That Motivation-less Villian

I think we are all painfully familiar with the motivation-less villian. I’m not talking about the ones with weak motivation. I mean the cardboard cut-out that exists to make the hero look heroic. The mustache twirling cardboard cut-out.

The first draft of The Star of Time was plagued with this. He showed up when it was convenient and caused trouble. The heroine overcame his dastardly plan (and looked heroic) and then he ran away only to show up later and try again. It was empty and flat.

It took awhile, but I eventually did round him out.

I tell you that because since that personal experience I now pay a LOT more attention to the villains in the books I read. Especially the ones I loathe.

And I just read a really good one – Mistress of Rome, by Kate Quinn.

A Brief Aside – It was a tantalizing breath of fresh air to find a historical fiction book set in something other than World War 2.

Anyway! If you haven’t read it – THERE BE SPOILERS AHEAD, TURN AWAY

Mistress of Rome is a multiple POV book that covers the rule of Emperor Domitian from start to finish.

The main players are Thea (a slave girl/woman), Arius (a gladiator), and Lepida Pollia (the villain and also a member of the middle-upper class). There are other great characters, but these three are the POVs.

Lepida Pollia

Ah, Lepida. Poor Lepida.

Now, you need to know that my favorite thing to do after finishing a book I enjoyed is to go read the one-star reviews on GoodReads. Often, these are the reviews that make me think critically about what I just read. Doing this has opened my eyes to problematic tropes, institutional racism, and a bunch of other problems that show up in fiction. It doesn’t affect my feelings towards the book itself, but it has helped me become a more critical reader. (And all our favorites are problematic)

It was the one-star reviews of this book that drove me to write this, not as a rebuttal, but more of a character exercise. See, a lot of criticism was directed at Lepida for being a motivation less villian, and I didn’t read her that way.


We start the book with Thea and Lepida and build out from there. Thea is a slave in Rome, and serves Lepida. They are the same age – 15. Emperor Domitian has just ascended. We learn early on that Lepida has a bit of a sadistic streak – she loves figuring out what will make people squirm and then weaponizing that. And she hates Thea, because she can’t find that pain point in her own slave. Thea isn’t scared of Lepida.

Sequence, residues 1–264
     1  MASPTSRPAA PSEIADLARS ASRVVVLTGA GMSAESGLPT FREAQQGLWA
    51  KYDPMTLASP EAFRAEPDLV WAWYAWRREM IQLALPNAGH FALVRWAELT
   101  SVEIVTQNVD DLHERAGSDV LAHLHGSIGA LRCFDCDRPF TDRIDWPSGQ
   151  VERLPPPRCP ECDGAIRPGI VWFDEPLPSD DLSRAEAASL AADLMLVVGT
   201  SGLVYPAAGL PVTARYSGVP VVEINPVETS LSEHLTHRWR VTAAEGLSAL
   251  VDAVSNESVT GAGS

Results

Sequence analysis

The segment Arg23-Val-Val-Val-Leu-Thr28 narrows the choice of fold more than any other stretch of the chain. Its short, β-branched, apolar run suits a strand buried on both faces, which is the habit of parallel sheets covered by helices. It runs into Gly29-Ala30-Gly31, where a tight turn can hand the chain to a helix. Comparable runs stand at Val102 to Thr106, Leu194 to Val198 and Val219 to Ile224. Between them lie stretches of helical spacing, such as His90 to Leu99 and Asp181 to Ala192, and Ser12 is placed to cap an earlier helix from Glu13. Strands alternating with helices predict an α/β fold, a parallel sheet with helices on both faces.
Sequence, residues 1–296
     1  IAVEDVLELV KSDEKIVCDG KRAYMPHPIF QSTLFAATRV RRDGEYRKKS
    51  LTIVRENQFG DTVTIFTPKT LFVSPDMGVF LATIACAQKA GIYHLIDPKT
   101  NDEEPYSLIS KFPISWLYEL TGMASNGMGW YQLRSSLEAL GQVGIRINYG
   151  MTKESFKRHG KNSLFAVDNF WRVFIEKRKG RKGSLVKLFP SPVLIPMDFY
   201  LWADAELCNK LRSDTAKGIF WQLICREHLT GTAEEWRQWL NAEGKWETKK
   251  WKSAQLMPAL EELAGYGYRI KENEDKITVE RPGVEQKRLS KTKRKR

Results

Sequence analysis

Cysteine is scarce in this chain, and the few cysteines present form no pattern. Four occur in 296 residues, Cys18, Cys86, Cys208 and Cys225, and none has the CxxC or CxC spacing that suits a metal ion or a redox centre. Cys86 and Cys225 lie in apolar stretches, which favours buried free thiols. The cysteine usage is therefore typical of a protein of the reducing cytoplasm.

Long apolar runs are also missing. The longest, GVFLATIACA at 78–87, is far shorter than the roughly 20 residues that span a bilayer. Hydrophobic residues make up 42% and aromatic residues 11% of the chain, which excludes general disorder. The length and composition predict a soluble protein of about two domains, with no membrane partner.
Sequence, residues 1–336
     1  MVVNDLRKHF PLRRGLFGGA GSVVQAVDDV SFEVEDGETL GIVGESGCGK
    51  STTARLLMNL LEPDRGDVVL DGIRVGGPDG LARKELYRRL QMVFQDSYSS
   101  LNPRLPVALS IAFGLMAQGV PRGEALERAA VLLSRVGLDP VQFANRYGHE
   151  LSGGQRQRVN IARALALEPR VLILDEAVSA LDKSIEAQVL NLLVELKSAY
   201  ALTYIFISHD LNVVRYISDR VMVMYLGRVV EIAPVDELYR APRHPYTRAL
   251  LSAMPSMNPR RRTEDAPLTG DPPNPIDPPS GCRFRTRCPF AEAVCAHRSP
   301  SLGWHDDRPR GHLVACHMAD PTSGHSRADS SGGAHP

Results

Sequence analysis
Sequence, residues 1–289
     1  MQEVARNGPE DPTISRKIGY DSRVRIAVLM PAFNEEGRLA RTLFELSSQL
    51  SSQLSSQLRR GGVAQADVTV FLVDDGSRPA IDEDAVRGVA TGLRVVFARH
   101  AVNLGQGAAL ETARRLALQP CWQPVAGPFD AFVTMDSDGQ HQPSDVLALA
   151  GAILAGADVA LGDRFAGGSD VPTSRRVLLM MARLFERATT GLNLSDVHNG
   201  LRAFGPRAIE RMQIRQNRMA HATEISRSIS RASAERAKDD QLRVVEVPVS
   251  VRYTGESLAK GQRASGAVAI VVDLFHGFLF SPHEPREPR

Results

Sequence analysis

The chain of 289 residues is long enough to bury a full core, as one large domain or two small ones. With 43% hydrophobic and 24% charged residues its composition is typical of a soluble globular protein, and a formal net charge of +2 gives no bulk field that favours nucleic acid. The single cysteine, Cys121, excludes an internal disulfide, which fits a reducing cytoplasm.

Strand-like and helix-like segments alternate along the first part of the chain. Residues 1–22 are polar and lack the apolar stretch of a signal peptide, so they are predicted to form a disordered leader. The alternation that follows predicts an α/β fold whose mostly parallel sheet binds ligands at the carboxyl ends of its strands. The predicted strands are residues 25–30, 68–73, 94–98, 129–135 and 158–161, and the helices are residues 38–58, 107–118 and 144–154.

Lepida needs to feel superior in every room she occupies and anytime Thea is around she feels inferior. Thea speaks multiple languages and is literate. Lepida is darn near illiterate, and Thea takes several opportunities to tweak her master about this.

But sadism isn’t Lepida’s motivation. It’s a tool she uses to achieve her real aim – social climbing.

Raised by a social climber, Lepida follows closely in her Father’s footsteps. Meaning she won’t move unless it’s to climb another rung. And in true well-rounded villian fashion, she is the hero in her own head and can never understand why she loses (always to Thea). Her deep-seated need to feel superior is at the heart of every decision Lepida makes.

Why? Why is she so driven? I would ask, do we really need to know? Is that truly a question that can be answered?

Listen. I’ve known plenty of Lepida’s in my life. They’re horrid people. And quite frankly, very little of their back story would make them sympathetic. But, if you really want to know what I think the answer is here – it’s her father.

See, Daddy Pollia uses Thea as a sexual outlet. The book isn’t necessarily explicit (def not Game of Thrones anyway) so you don’t get a rapey play-by-play, but you know Thea doesn’t consent and she can’t anyway. She’s a slave.

But still. It’s the first time we see Thea chosen over Lepida. Now, Lepida doesn’t come out and say that she wishes her father would choose her in that way over Thea, but she does spend time wondering what anyone sees in Thea – Lepida is far more beautiful. From there we see a rivalry blossom and Lepida constantly frustrated that Thea is chosen over her at nearly every turn.

Lepida wants to win. She wants to best everyone and be better than everyone. She weaponizes her sexuality. She manipulates everyone around her. Nobody in Lepida’s world is anymore than a rung on the ladder to climb to the heights of power.

And that is what makes her fall from the heights so spectacular and such a payoff.

Not every villian needs a McGuffin to seek and compete with the hero. Sometimes the motivation really is just hatred and personality faults.

On the other hand, it’s hard to not feel a little sorry for Lepida, too. Because as her female foils show, even in a society that devalues women to a substantial degree, youthful sexuality isn’t the only way to get what you want.

Lepida’s no cardboard cutout. She’s visceral and looms large even as Thea diminishes her.

Disagree? Please tell me about it in the comments. There’s a LOT to learn here (for me anyway!).

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